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Criminal prosecutions in the United States can be started at both the state and federal level. Each state has their own statutes, penal codes, and criminal proceedings for different infractions. However, the federal government system remains the same throughout all fifty states. All federal criminal legislation is employed the same way in each state, regardless of whether it’s rural or densely populated, culturally religious or interested in technology. The United States has hundreds of different individual cultures spread throughout its geography, but the federal criminal justice system is the same no matter where you are.
There are a number of different ways that you may find a government entity or attorney showing interest in you. In fact, when you’re being approached by a government agent in response to a federal investigation, it’s generally because of any one of five circumstances. Of those five circumstances, an arrest warrant is the worst way to be approached.
An arrest warrant is, as the name implies, a warrant for your arrest. To secure an arrest warrant, the United States Attorney’s Office building the case against you must have gone to a federal judge to be given a warrant. This means that you can be arrested, charged, and brought through the prosecution process. If you’re arrested, you should immediately invoke your right to counsel. It’s imperative that you have your lawyer there as fast as possible. Your defense attorney is the only person throughout this process who will be working for your best interests. Law enforcement officials may use manipulation tactics to try to convince you that they care about your best interests, but they don’t.
Being arrested and charged in federal court isn’t necessarily the end of the world, especially if you have a skilled lawyer. But what should concern you is the number of steps that had to be taken to secure that federal arrest warrant.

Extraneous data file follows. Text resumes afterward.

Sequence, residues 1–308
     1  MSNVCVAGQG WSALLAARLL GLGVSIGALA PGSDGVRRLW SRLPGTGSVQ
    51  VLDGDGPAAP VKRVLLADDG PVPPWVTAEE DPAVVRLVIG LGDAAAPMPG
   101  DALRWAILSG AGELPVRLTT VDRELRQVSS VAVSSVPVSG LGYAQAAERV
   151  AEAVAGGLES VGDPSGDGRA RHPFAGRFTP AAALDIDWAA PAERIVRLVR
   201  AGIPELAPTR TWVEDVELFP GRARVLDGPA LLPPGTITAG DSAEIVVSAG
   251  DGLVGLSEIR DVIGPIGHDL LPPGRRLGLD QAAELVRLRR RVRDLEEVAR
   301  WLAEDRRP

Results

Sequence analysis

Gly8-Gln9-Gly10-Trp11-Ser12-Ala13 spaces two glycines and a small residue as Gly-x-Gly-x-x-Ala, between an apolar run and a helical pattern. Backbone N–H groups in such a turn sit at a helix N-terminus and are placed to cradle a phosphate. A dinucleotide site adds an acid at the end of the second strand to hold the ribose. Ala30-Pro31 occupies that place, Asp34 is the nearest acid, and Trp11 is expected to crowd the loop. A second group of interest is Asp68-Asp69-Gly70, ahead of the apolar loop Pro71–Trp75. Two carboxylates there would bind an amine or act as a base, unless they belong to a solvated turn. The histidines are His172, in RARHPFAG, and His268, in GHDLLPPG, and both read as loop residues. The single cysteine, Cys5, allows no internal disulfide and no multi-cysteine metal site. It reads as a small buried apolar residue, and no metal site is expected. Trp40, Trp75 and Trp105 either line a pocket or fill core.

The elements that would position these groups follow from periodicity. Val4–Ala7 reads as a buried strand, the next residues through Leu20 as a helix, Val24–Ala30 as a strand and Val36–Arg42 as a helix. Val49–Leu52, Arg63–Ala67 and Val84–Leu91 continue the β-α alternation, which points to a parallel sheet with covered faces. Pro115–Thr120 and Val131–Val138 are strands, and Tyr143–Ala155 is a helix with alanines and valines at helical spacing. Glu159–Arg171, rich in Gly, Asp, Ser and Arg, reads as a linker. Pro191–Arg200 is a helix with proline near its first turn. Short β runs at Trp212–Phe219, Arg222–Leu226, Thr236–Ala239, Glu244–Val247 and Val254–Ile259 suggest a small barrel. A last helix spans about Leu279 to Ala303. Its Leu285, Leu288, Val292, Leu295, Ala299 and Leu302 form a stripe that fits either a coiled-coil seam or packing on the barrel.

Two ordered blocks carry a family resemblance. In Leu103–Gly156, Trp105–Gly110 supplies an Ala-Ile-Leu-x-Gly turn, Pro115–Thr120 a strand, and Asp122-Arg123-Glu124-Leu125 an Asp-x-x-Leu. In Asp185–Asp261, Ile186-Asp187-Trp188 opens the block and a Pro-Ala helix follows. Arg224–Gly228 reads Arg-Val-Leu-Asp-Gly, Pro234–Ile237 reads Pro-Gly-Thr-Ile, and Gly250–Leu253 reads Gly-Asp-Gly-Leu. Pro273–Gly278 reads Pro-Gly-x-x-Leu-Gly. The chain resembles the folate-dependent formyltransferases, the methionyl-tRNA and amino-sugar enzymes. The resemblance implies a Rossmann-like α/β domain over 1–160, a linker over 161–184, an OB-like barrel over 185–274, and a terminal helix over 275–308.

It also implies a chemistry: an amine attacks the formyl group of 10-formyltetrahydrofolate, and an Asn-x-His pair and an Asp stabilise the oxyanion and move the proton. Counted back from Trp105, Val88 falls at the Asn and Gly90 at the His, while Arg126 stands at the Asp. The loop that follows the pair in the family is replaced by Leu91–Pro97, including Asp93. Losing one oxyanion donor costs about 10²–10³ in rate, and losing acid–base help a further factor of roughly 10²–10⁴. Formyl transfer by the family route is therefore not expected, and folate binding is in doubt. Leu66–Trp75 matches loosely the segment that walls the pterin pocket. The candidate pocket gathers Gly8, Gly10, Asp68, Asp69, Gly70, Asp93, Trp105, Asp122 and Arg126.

Federal investigations are conducted by one or more federal law enforcement agencies. The most well-known is the FBI, but the IRS and Secret Service and other federal regulatory bodies are also capable of criminal investigations. When the agents believe they’ve gathered notable evidence of a crime, they’ll bring their findings to the United States Attorney’s office. The attorney’s office and the law enforcement entity will work together to investigate and formulate a case. It’s the same way that local police and the local District Attorney’s office will work together when conducting criminal investigations on a state level.
Depending on the circumstances, you might have had some warning about the investigation prior to the arrest warrant. A government agent might have approached you with questions. They may have been inquiring about your witness potential for a case they were putting together, discussing your potential as a person of interest in a current investigation, or informing you that you were the subject of a federal investigation. Subjects of investigations are required to be notified by law about the investigation before the case is taken further in court.
The fourth way that law enforcement may have approached you is to inform you that you are the official target of an investigation. Being a target is one of the worst possible outcomes, and it’s a sign that you should talk to your lawyer immediately. When a person is the target of an investigation, it means that the prosecution and law enforcement both believe that they are the perpetrator of serious criminal activity. A person is usually only considered a target if the law enforcement officials want to arrest them but don’t believe they have enough compelling evidence to make the charges stick.
The final tier is the arrest warrant. That’s what happens when you’ve gone from being the target of an investigation to being actively prosecuted. Arrest warrants will not be issued unless the prosecution has already created a case with compelling and devastating evidence against you. Typically, the evidence will be more than circumstantial facts and conjecture.
Not only is an arrest warrant only issued after the prosecution has created a serious case against you, but there’s an involved process to securing one. On the state level, arrest warrants can often be secured by presenting criminal evidence to a judge. But for a federal arrest warrant to be issued, the prosecution must have shown a federal judge or a grand jury enough evidence to convince them that you might well have committed the crime in question.
A federal arrest warrant doesn’t mean that you’ve been proven guilty. This is just the first step in the process. But it does mean that a judge or a jury of your peers has seen enough evidence to believe that you had cause and motive to commit the crime in question. If you’ve been arrested for a federal criminal prosecution, wheels are already in motion. You need your federal defense attorney to protect you.